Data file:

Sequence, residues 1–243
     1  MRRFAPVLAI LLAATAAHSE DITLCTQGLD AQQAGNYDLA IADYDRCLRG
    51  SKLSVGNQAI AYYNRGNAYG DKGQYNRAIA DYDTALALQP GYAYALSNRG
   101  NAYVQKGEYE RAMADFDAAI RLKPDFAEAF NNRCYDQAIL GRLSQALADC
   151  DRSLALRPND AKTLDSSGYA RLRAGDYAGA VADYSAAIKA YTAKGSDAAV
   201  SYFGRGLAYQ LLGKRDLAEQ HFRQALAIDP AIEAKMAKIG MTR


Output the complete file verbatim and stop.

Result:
Sequence, residues 1–243
     1  MRRFAPVLAI LLAATAAHSE DITLCTQGLD AQQAGNYDLA IADYDRCLRG
    51  SKLSVGNQAI AYYNRGNAYG DKGQYNRAIA DYDTALALQP GYAYALSNRG
   101  NAYVQKGEYE RAMADFDAAI RLKPDFAEAF NNRCYDQAIL GRLSQALADC
   151  DRSLALRPND AKTLDSSGYA RLRAGDYAGA VADYSAAIKA YTAKGSDAAV
   201  SYFGRGLAYQ LLGKRDLAEQ HFRQALAIDP AIEAKMAKIG MTR